4. idahobob says:

    There are digital coms tutorials at the AMRRON site.

    Bob
    III

    • Catfish says:

      Good point Bob, AMRRON is a great resource with more info on fldigi and some audio files you can practice decoding.

    • danmorgan76 says:

      Yep, AmRRON is definitely the place to go. Should have included it in the post.

  5. joe says:

    Have any of ya’ll tried this on a tablet device? Low power drain, etc, what is not to like?

    • danmorgan76 says:

      I use RMS on my 8″Wintab with my Elecraft KX3 in the field quite often. Once RMS is downloaded the tablet stays air-gapped at all times. I don’t use it for anything else.

      • matt says:

        So you also have to carry the modem in your ruck as well? If so how is that powered and is t it rather bulky?

      • danmorgan76 says:

        Yes, I carry it in my ruck or one of my guys will carry it in his if it is cross-leveled. It ways just a few ounces and is a little bigger than a pack of playing cards.

  6. Alfred E. Neuman says:

    Reblogged this on The Dixie Traveler.

  7. Gary says:

    “So easy an 18B like mosby…” Lol….
    Thanks Dan!

  8. Shocktroop0351 says:

    Thanks for the write up Dan. I just wanted to give some words of encouragement to your other readers. I’ve just started cutting my teeth on hf comms the last few months. I actually only got my tech license and general license at the same time this may. For those of you on the fence or doubting yourselves it is actually very easy to get your licenses with a little bit of studying. And if I can do it with a two year old, a one year old and a full time job, I think most other people should be able to. There are some really useful, free apps on smart phones to help you study, and there are also websites dedicated to helping you take your test as well. After you get your license join AMRRON and start following their guides and join in on the nets. My next step is to learn Morse and get a little cw transceiver. I know it may not be as interesting as playing with rifles and gear but the first time I threw a random wire antenna tied to a half empty water bottle over my house and started listening to conversations between people all over the country I realized just how awesome of a tool my radio will be come shtf.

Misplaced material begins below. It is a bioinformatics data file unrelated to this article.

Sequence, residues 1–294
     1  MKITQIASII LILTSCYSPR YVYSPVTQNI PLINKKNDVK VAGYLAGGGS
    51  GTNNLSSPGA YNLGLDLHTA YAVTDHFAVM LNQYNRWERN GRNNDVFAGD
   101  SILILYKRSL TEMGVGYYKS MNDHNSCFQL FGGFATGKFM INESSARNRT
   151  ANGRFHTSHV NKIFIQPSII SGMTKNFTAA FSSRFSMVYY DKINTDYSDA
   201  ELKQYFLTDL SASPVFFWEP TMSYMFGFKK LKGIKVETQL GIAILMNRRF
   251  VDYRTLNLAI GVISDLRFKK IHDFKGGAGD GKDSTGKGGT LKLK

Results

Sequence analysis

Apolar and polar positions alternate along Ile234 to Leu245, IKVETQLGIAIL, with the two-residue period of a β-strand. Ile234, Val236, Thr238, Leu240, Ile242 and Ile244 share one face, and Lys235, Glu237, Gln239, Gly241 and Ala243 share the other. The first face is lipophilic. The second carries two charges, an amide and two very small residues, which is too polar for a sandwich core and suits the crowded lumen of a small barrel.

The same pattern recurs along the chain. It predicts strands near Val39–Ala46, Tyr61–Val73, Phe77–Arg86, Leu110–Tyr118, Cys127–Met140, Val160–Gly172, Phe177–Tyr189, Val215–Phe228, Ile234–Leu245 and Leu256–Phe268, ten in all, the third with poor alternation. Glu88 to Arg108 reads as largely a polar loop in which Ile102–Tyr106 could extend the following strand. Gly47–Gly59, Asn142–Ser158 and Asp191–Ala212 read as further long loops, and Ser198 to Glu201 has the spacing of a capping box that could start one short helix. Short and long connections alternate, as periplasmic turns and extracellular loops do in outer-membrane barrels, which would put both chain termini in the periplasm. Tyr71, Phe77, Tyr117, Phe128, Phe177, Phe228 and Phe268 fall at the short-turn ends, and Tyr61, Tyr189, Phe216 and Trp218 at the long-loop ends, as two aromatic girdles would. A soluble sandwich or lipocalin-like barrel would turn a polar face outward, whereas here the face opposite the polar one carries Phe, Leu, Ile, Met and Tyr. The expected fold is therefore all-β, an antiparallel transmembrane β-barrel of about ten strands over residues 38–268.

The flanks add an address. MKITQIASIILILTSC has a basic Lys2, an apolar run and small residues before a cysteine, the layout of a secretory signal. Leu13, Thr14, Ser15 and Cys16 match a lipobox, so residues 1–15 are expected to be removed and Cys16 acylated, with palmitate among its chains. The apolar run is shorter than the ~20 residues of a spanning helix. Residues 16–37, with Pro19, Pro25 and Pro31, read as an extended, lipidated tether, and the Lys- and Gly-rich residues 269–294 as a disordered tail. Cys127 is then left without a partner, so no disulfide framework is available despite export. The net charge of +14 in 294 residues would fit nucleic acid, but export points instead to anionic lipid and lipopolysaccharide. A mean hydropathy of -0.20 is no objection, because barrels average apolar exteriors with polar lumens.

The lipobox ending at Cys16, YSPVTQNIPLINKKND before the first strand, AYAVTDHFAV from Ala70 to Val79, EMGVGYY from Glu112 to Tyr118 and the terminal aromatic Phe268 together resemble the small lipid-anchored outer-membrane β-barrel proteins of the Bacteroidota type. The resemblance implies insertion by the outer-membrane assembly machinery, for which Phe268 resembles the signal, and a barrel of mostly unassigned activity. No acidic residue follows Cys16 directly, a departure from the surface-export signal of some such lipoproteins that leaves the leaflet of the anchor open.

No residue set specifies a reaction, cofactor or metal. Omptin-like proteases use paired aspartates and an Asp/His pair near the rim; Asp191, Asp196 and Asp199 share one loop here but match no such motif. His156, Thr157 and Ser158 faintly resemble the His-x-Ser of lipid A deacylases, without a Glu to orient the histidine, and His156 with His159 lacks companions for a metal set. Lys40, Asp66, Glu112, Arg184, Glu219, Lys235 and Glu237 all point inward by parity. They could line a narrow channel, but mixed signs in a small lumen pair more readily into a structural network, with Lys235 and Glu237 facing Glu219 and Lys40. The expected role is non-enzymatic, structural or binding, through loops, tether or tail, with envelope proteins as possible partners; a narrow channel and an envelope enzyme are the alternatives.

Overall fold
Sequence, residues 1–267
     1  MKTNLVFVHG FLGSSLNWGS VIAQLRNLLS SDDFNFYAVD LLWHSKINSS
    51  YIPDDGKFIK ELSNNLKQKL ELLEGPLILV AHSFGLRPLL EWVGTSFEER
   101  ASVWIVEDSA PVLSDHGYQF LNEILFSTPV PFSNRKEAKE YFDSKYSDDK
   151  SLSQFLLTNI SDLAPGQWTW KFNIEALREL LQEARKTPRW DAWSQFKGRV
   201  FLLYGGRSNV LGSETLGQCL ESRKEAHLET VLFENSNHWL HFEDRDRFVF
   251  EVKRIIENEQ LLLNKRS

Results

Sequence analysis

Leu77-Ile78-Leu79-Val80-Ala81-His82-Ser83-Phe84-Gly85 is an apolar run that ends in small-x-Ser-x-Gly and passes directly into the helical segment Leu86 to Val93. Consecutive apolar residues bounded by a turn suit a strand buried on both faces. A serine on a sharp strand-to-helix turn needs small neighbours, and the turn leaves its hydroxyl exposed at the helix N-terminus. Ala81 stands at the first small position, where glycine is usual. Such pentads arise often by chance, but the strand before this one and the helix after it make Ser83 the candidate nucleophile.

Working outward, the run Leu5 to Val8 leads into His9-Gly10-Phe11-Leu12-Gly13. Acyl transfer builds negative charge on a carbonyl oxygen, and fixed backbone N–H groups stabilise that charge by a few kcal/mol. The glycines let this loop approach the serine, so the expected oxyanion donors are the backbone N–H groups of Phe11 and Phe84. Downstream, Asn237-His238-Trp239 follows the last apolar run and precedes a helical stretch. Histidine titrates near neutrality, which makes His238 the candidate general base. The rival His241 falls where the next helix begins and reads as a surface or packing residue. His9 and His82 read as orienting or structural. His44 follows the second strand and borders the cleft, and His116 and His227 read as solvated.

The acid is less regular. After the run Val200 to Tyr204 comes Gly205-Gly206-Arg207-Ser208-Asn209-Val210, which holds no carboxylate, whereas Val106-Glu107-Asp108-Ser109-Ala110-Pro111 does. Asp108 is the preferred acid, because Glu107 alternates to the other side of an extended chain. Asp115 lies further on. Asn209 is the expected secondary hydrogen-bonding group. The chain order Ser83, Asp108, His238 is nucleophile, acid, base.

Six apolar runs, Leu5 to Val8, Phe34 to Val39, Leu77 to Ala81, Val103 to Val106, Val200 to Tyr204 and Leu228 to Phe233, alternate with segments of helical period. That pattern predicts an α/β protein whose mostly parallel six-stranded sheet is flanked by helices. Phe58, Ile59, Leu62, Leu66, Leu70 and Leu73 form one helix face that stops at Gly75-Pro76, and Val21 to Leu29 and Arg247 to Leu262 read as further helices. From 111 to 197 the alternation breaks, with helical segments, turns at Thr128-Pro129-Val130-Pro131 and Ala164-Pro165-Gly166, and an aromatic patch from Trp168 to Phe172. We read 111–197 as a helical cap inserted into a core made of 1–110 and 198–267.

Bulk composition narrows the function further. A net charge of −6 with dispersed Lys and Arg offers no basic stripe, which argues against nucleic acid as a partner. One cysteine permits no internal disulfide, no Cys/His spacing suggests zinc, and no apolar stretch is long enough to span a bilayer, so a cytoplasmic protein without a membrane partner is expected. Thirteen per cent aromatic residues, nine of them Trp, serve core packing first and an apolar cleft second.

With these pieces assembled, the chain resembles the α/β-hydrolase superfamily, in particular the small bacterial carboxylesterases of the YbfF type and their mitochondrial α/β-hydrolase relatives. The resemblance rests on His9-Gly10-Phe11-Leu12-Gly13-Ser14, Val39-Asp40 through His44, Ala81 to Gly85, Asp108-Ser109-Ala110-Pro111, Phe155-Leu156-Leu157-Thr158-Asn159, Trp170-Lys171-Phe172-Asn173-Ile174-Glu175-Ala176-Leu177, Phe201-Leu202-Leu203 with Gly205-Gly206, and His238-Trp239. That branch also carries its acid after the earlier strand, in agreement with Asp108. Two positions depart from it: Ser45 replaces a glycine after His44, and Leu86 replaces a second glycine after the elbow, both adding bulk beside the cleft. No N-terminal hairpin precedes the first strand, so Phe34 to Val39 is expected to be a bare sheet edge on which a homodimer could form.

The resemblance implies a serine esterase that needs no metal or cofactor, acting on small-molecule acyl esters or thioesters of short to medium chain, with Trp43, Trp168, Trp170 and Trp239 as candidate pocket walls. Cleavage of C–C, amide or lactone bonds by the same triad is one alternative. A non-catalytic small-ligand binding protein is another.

9. Badger says:

    Wonderful (and timely) post Dan! Winlink for long-winded stuff & traditional IMC still works for me as tested during the recent “sky is falling” solar event. I will reflect from when I got into digital that the Signallink gear is about as foolproof (and they make it so easy to configure) that it should be near the top of most folks’ list. (Old much-loved J37 key here but the little paddle goes in the bag.)

    AN/GRC-81; one of those memories that can make one laugh & shake their head at the same time. Got to use KL-43’s to off-line prepare debriefs from all the criminals, er uh, refugees Castro sent us via Carter’s hospitality. That little box was also the one that a certain LTC North managed to proliferate (and lose) down in some CenAm jungles.